In the waning days of the legislative session, Florida lawmakers approved putting an extra $10 million in the $74.5 billion state budget for “the restoration, protection, and preservation of Florida’s springs.”
There’s only one problem: The agency that’s supposed to spend the money, the state Department of Environmental Protection, doesn’t know what to do with it.
The legislative budget language doesn’t mention any specific projects. It just says the money should enable DEP “to initiate direct actions that will reduce pollutants and promote the proper flow volume of underground and above ground springs that provides a balance between the agricultural industry and water quality.”
The Legislature approved adding that money into the budget without any open debate in a committee or on the floor of one of the chambers. Instead, the money was added during a conference committee that was working out the differences between the House and Senate versions of the budget.
As a result, the DEP is awaiting further information from state lawmakers about what they want done with the $10 million, explained DEP press secretary Patrick Gillespie.
“Since this item was added during conference, there will likely be additional information provided by the Legislature to the governor’s office as part of the bill review,” he said in an e-mail.
The news that DEP doesn’t know how to spend the money left High Springs Mayor Sue Weller flabbergasted.
“I don’t understand why they would say that,” said Weller, part of a coalition of North Florida officials and activists who have been lobbying the state to do more to protect the springs. “You would think they would have already been developing plans by now.”
Weller said her coalition, Florida Leaders Organized for Water, has a long list of suggestions —- although many of them depend less on money than on actual legislative action, such as declaring a moratorium on new pumping permits while the springs recover.
But lawmakers had no interest in passing any springs legislation this year. A pair of legislators filed bills calling for the five water management districts to create action plans for specific springs and then file regular progress reports with the Legislature, but those bills failed to make it out of committee.
Instead, legislative leaders credited Sen. Charlie Dean, R-Inverness, for persuading them to include $10 million for springs. Dean said he would be meeting with DEP Secretary Herschel Vinyard Jr. to talk to him about how best to spend the money.
Dean said he wants the DEP “to take the science that’s already been developed” and apply that to reviving the springs “that would recover the fastest.” Although he acknowledged that some springs are what he called “dead,” he expressed confidence in the state’s ability to bring them back to life.
“I believe they will come back,” he said. “We need to pull together on something this important.”
Florida’s springs are in trouble. Most have lost flow. Some have stopped flowing at all or reversed themselves. Many of them are suffering from rampant pollution that has spurred the growth of toxic algae. There are signs that saltwater is intruding.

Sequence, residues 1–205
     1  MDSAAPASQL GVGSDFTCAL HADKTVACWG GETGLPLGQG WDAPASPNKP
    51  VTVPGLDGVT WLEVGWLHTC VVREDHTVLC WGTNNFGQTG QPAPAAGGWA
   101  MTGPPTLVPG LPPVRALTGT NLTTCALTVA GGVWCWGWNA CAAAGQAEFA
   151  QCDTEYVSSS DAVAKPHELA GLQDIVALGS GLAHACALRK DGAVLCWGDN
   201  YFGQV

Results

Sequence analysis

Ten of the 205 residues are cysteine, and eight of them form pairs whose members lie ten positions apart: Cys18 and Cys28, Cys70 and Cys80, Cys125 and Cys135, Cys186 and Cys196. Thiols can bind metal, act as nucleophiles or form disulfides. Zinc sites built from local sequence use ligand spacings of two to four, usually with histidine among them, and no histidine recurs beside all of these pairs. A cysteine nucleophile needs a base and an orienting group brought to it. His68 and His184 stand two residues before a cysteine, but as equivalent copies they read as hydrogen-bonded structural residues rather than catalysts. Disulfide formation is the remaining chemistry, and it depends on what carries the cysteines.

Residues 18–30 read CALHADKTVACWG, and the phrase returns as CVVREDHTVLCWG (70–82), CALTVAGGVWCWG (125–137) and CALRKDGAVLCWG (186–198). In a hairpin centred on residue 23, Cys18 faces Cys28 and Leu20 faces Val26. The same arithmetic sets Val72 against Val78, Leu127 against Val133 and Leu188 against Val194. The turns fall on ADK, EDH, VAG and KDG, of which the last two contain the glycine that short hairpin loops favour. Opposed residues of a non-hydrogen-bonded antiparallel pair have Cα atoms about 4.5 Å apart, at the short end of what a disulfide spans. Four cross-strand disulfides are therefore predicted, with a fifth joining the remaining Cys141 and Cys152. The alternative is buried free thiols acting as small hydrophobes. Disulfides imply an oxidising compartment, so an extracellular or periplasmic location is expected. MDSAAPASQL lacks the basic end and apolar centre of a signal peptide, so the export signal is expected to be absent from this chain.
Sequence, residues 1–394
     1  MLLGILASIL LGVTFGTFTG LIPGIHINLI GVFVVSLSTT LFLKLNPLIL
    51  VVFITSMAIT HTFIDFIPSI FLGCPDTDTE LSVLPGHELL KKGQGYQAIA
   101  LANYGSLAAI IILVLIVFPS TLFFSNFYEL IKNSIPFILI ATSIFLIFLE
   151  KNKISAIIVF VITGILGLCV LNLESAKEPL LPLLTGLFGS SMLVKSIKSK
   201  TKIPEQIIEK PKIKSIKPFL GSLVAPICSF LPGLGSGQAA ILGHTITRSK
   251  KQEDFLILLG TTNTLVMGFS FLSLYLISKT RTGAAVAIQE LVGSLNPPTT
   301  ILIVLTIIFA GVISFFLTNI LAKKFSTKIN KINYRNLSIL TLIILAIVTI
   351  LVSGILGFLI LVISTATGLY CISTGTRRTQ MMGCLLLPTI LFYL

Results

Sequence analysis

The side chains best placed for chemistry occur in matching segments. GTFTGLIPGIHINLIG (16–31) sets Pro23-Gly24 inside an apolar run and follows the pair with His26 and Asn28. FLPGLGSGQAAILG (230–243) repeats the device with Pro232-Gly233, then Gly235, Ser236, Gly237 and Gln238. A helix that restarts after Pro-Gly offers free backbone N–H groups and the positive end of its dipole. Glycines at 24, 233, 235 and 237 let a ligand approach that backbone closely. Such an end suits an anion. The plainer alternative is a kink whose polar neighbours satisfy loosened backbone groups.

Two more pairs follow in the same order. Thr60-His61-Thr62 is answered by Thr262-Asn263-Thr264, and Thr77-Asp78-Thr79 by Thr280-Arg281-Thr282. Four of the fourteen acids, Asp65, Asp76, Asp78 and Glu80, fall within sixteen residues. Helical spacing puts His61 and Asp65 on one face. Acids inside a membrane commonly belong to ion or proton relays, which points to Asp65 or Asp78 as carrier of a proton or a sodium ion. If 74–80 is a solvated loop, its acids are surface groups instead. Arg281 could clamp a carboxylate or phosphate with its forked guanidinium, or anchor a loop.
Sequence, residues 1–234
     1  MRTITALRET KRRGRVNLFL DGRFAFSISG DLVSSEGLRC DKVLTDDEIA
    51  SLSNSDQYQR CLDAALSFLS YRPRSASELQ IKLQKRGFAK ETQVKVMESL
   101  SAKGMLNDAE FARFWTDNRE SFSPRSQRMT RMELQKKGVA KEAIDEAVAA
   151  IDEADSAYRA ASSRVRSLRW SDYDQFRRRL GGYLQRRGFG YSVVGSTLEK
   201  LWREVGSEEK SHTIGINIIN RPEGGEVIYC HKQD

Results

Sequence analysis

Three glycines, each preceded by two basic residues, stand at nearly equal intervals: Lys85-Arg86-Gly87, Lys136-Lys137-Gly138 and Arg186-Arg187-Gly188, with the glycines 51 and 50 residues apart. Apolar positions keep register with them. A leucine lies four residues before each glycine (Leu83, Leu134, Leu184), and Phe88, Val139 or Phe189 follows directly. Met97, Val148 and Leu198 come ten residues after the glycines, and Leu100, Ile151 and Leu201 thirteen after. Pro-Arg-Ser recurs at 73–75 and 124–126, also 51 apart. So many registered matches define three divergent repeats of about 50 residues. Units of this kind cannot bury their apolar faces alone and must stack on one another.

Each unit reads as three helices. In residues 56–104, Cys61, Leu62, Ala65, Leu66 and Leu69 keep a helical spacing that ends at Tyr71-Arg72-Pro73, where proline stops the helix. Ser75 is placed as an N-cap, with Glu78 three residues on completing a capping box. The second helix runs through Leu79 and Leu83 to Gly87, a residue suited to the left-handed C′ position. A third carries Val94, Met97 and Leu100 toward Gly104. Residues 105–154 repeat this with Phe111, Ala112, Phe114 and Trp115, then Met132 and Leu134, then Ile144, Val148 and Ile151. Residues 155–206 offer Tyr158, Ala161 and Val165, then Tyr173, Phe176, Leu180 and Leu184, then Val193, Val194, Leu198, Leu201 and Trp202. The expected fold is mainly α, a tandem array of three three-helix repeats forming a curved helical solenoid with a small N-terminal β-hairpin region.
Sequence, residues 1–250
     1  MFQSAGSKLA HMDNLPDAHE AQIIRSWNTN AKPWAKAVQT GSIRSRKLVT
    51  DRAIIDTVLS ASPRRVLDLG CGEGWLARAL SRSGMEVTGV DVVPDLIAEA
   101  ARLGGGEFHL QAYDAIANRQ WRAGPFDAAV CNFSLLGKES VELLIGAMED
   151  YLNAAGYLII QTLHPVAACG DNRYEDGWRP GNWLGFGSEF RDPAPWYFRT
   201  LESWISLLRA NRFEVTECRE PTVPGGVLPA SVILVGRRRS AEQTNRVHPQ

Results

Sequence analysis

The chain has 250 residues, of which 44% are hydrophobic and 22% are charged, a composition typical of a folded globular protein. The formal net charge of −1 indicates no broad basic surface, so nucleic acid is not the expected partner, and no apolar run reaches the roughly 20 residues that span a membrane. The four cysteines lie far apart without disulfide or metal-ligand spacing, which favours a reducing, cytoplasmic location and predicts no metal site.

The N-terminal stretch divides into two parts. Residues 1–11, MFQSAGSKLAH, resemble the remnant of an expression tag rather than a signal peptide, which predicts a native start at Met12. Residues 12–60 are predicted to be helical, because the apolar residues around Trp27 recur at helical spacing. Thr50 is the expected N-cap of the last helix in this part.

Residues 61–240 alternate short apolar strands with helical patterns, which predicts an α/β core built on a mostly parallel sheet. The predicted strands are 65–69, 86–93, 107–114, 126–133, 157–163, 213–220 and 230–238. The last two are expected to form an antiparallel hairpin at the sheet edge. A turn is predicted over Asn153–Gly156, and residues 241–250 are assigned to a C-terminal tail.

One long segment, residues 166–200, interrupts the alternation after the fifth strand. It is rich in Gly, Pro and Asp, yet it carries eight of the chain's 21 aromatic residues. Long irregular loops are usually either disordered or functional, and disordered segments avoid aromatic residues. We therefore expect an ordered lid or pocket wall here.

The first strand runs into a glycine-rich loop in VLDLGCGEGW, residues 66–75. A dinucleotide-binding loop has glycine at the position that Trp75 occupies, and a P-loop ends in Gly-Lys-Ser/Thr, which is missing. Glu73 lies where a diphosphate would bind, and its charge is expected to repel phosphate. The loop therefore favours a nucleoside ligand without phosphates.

An effort launched by then-Gov. Jeb Bush in 2000 to explore what was wrong with the springs and fix it was disbanded by Gov. Rick Scott. While the Bush springs initiative existed, it spent a total of $25 million.
Bush appointed a springs task force that produced a report full of recommendations. All were ignored by the Legislature, except for one: a bill that finally passed in 2010 requiring inspections of septic tanks to check for leaks. There are about 2.6 million septic tanks in the state, half of them more than 30 years old.
But when septic tank owners objected to the $150 inspection price, legislators repealed the law last year.
Prior to this year’s legislative session, the DEP asked the state’s five water management districts for a list of possible projects that would help the springs. The agencies sent back a list of projects that, if they were all approved, would cost $122 million -- just to start.
One of the key components: $10 million to replace septic tanks and small sewage plants near some of the state’s key springs in hopes of reducing their leaking of pollution into the aquifer.
The list included a host of other ideas aimed at boosting both water quality and quantity in the springs. There were proposals for removing built-up sediment that’s blocking spring vents to building canoe launching sites to installing new reclaimed water pipelines that will help cut back on groundwater pumping.
One proposal calls for spending $14.5 million on building a water treatment plant to take 4 million gallons a day out of the St. Johns River and use it for drinking water instead of pumping water out of the ground.
The 450-page budget, including the $10 million for springs, hit Gov. Rick Scott’s desk Thursday. He has until May 24 to decide what to veto and what to approve. A spokeswoman for Scott said he is currently reviewing the springs funding but has made no decision about it yet.